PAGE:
Soundtrak: 3D input tracking technology
- Contributed in establishing the data pipeline from audio interface to Mac. Wrote scripts to generate a real-time visualization of high streaming finger position data in 3D.
- Wrote the system evaluation section of the paper for the IMWUT submission.
- Highlights: Significantly reduced the time and cost for system evaluation by proposing an innovative solution of hacking Makerbot and control it programmatically to gather ground-truth data.
The small size of wearable devices limits the efficient and scope of possible user interactions, as inputs are typically constrained to two dimensions: the touchscreen surface.
To invent a system that actively track's finger location in three dimensional space and be small enough to be integrated in commercial smartwatches and can be extended to large sized displays easily.
We developed SoundTrak, an active acoustic sensing technique that enables a user to interact with wearable devices in the surrounding 3D space by continuously tracking the finger's position with high resolution. The user wears a ring with an embedded miniature speaker sending an acoustic signal at a specific frequency (e.g., 11 kHz), which is captured by an array of miniature, inexpensive microphones on the target wearable device. A novel algorithm is designed to localize the finger's position in 3D space by extracting phase information from the received acoustic signals.
Under review for IMWUT 2017 (Interactive, Mobile, Wearable and Ubiquitous Technologies)
Cool tech on System Evaluation
Soundtrak has been one of the most technologically challenging and fruitful project I have done in a while. Research is always fast paced and I didn't have much time to experiment and we needed some clever solutions to known problems among researchers. The challenging problems were -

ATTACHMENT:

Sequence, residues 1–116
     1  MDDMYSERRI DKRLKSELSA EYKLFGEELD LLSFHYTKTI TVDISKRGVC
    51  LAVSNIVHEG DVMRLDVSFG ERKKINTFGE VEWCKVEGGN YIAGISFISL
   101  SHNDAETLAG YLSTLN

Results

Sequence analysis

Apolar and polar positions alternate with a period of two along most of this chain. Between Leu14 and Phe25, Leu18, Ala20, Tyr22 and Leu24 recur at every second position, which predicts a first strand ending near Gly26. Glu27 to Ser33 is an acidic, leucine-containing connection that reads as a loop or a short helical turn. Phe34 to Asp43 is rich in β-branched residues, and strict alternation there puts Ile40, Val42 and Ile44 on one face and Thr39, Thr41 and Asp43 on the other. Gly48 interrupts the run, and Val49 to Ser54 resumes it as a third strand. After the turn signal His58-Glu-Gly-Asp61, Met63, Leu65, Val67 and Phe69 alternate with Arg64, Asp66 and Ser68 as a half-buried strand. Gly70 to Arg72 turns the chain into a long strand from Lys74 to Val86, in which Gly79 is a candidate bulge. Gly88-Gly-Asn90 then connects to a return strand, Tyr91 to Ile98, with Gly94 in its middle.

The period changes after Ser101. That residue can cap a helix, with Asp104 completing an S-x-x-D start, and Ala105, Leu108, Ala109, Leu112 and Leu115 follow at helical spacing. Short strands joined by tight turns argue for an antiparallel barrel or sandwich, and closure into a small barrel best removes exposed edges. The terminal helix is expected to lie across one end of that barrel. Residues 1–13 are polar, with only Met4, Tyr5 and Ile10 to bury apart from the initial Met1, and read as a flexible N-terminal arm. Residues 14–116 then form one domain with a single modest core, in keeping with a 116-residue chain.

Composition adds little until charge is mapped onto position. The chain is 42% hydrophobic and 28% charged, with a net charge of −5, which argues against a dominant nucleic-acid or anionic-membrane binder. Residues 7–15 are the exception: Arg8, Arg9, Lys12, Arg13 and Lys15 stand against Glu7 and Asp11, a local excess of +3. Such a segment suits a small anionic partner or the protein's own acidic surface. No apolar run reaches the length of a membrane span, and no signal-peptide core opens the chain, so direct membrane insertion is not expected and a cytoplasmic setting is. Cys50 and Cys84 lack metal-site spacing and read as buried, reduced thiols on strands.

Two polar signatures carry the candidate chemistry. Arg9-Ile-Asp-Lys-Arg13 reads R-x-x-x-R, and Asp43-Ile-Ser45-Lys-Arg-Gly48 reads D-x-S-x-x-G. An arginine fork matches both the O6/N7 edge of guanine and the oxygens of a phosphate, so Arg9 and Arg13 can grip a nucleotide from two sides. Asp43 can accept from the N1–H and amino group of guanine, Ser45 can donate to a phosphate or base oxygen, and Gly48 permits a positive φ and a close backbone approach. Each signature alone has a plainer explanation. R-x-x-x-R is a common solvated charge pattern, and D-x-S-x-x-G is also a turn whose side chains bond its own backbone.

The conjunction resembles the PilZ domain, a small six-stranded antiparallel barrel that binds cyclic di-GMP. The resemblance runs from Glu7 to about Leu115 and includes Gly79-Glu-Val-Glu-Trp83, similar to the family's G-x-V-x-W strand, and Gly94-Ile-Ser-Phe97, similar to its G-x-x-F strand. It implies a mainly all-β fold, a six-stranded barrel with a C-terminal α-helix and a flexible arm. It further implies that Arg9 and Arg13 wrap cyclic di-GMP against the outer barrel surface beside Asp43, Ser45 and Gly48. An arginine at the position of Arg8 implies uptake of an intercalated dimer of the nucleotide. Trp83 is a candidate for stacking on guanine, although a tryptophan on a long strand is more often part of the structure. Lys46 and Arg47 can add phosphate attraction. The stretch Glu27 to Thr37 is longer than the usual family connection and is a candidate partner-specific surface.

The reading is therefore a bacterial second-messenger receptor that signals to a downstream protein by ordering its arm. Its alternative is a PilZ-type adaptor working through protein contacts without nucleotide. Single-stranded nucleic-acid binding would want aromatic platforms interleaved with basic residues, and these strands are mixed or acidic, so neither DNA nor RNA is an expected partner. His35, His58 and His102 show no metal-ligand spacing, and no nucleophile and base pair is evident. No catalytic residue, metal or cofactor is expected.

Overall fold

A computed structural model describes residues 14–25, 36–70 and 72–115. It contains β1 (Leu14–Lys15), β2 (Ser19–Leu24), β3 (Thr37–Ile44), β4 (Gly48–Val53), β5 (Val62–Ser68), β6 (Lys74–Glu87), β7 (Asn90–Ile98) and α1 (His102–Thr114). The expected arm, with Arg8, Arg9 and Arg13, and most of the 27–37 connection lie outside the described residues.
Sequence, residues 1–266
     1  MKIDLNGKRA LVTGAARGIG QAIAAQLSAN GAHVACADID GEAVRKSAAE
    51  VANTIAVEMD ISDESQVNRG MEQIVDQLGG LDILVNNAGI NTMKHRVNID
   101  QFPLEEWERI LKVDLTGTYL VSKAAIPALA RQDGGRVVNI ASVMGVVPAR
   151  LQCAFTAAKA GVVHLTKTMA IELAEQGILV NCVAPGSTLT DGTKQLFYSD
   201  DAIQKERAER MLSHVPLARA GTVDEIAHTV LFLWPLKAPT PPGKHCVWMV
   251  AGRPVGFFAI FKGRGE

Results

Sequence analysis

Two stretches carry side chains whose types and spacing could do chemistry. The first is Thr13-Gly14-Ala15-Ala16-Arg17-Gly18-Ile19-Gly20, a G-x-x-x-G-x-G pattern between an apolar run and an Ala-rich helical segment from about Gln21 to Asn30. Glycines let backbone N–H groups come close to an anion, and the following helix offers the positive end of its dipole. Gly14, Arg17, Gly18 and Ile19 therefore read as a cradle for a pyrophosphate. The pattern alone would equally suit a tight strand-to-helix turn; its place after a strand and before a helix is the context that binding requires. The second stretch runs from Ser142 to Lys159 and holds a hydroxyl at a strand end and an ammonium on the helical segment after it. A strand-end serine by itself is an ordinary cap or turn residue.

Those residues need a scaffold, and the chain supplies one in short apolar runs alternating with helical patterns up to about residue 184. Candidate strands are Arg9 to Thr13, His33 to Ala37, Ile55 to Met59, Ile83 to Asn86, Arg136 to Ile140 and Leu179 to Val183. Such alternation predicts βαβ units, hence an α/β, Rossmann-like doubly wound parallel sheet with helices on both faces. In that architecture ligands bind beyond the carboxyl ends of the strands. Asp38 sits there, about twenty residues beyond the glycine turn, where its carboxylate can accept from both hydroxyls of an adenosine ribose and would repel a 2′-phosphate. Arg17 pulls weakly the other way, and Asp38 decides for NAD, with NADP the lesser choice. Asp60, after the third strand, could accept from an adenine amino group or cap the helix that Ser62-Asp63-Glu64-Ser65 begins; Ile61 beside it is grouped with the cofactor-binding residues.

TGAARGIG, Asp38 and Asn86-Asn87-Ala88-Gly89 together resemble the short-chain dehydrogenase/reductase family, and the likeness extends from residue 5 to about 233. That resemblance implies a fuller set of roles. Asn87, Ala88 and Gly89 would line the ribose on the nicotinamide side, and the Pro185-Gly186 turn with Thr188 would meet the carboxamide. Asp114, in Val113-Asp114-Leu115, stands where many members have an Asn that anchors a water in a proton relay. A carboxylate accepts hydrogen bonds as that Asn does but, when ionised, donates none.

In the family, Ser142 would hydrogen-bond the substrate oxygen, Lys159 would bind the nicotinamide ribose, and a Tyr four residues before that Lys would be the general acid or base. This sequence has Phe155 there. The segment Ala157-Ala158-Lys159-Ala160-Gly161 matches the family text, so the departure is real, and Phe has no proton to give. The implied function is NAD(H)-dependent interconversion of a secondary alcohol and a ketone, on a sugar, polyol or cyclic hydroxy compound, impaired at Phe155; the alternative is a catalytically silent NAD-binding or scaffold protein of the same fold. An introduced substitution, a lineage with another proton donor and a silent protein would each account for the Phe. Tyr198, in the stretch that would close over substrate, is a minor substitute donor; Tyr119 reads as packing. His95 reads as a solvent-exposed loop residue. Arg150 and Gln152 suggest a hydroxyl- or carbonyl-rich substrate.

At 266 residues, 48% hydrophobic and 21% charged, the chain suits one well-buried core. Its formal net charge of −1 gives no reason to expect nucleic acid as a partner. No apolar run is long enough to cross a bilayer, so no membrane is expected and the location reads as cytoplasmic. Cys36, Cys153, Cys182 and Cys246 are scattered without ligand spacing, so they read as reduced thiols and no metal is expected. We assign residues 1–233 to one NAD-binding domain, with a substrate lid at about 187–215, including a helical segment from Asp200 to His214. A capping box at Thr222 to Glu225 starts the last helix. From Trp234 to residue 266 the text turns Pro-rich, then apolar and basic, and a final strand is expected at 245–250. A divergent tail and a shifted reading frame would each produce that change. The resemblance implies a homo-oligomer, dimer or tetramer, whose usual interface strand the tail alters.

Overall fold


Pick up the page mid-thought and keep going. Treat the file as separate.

1. Visualization of high stream location tracking data
This seems like a trivial thing to do, right? Well, when there is a large number of the interdependent systems, things get messy. In the current version of Soundtrak system, the hardware sends the acoustic data to a Mac machine via a C library suitable for sending audio data. Now, the Soundtrak algorithms are written in Java, so there is a script which sends the data from C to Java. After all the processing in Java, there comes visualization part. After countless hours of searching a Java library which can chart 3D position data, we had no luck. So, I decided to send the data from Java and visualize it on Matlab. Just when we thought we found the solution, there was another big hurdle i.e. the high sampling rate of the data. For some reason, Matlab couldn't visualize data faster than Java was sending it. It was time for some clever hack. After hours of tuning parameters, we decided to use Matlab's plot3D method. But before plotting individual data points, we buffered data in batches and plotted. The buffer was kept big enough such that there is not delay in the real-time visualization. After hours of head scratching and code debugging. Here is the working visualization i.e. almost real-time.